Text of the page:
You guys who were in Newport for the Worlds, did you see that big Trimaran at the Boatyard? Turns out they were waiting for the right conditions to race to Lizzard for a record attemept. From today's Scuttlebutt:
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Spindrift 2: All dressed up but no wind to go
The maxi-trimaran Spindrift 2 left La Trinité-sur-Mer, France on May 26, arriving on June 3 in Newport, Rhode Island where the team has remained on standby to break the crewed 2880 nm North Atlantic record from New York to Lizard Point.
Led by co-skippers Dona Bertarelli and Yann Guichard, they seek to better the record of 03:15:25:48 set by their 40m (131.23-feet) trimaran in August 2009, known then as Banque Populaire 5. To be successful, their average speed must be in excess of 32.94 knots over the distance.
But now, after seven weeks on standby in Newport, there has still been no suitable weather window for which to launch their assault. As Guichard explains, these accomplished sailors have no choice but to accept the wait, unusual as it may be for an elite sportsman.
“Despite enduring the standby at home, as opposed to on the quayside, we are fully alert and mentally ready to drop everything and jump on a plane as soon as possible,” explains Yann, who sends a message to his teammates every day to keep them informed about the latest conditions.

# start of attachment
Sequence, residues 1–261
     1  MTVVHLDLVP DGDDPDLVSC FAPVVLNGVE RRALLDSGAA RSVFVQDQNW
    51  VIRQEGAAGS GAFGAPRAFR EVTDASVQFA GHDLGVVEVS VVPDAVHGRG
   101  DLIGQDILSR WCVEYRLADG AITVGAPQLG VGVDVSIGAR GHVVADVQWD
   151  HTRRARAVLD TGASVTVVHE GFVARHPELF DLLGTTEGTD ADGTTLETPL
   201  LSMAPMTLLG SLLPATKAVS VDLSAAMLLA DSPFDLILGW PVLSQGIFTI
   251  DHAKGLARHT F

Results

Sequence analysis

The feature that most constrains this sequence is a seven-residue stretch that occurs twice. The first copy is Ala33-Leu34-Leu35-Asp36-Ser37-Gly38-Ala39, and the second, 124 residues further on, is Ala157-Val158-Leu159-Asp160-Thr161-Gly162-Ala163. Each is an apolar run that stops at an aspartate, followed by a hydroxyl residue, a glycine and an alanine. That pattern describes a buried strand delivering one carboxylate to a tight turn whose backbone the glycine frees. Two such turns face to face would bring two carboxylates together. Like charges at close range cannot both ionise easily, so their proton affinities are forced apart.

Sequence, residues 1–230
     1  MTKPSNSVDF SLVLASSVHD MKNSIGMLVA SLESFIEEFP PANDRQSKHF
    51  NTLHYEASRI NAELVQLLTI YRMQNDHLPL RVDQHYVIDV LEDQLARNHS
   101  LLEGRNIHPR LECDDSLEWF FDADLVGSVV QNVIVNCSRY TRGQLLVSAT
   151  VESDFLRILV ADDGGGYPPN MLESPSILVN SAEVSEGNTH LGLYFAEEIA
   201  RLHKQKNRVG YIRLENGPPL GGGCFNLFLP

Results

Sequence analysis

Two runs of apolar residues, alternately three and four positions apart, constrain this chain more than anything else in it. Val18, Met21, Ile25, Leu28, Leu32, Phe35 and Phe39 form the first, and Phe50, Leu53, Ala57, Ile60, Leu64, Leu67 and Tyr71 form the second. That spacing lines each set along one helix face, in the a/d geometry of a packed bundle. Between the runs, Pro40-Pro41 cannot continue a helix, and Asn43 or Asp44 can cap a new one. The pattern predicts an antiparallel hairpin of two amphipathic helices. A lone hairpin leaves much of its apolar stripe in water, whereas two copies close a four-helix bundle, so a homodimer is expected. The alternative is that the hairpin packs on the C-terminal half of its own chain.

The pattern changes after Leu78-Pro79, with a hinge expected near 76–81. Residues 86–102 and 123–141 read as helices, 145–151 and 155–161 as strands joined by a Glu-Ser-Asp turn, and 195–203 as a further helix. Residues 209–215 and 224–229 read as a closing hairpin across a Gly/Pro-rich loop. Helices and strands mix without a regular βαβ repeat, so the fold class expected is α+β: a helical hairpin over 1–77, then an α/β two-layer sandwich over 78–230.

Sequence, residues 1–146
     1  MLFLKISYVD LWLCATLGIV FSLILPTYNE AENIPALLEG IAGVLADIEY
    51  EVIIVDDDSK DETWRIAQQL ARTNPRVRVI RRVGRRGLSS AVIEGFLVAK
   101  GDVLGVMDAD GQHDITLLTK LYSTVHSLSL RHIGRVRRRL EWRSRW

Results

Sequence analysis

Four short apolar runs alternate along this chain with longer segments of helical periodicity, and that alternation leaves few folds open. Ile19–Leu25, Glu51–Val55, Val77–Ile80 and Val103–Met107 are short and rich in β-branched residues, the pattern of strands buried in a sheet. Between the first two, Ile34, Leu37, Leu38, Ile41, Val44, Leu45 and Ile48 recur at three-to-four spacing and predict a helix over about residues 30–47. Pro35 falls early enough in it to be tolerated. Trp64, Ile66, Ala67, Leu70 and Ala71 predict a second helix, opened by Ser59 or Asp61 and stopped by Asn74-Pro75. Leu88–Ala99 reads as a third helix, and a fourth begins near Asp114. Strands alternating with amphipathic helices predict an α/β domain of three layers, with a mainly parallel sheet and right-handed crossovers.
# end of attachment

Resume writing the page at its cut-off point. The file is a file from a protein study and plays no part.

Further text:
“Dona and I are obviously following the weather very closely. Together, with team navigator Erwan Israël, we check the two daily American and European forecast updates. The first come in before 5am and, whilst there is still not really a departure window on the horizon, we inevitably check each weather update religiously. We are as ready as we can be with a good technical and sporting potential, but the weather is out of our hands. That is what makes record attempts so frustrating…but also so special. When you are on standby, it can at times be stressful, as any athlete waiting for a big match can understand. In addition, we know that when the day of reckoning comes, once we get out on the ocean, conditions will be extreme.”
Among the obstacles blocking the route has been drift ice in the Labrador Current. A harsh winter has meant that icebergs are lasting longer than normal, and while they are slowly melting, the large ice sheets are only disappearing gradually from satellite photos.
The other obstacle has been the Azores High, an anticyclone centred over the Azores and spread like an insurmountable mountain across the entire North Atlantic.
“To make the crossing in record-breaking conditions you have to leave ahead of a depression on the American coast and ride it up to Newfoundland, where you pick up another and accelerate for the rest of the crossing. You then have to stay in front of the system, which must not catch you up or wane before you reach the finish line,” adds Erwan Israël. “With such a huge, powerful anticyclone at the moment, the depressions are not making any headway, and neither can we!”
The team is prepared to remain on standby through to mid-August if necessary to find a suitable departure window. Updates here: www.spindrift-racing.com/atlantic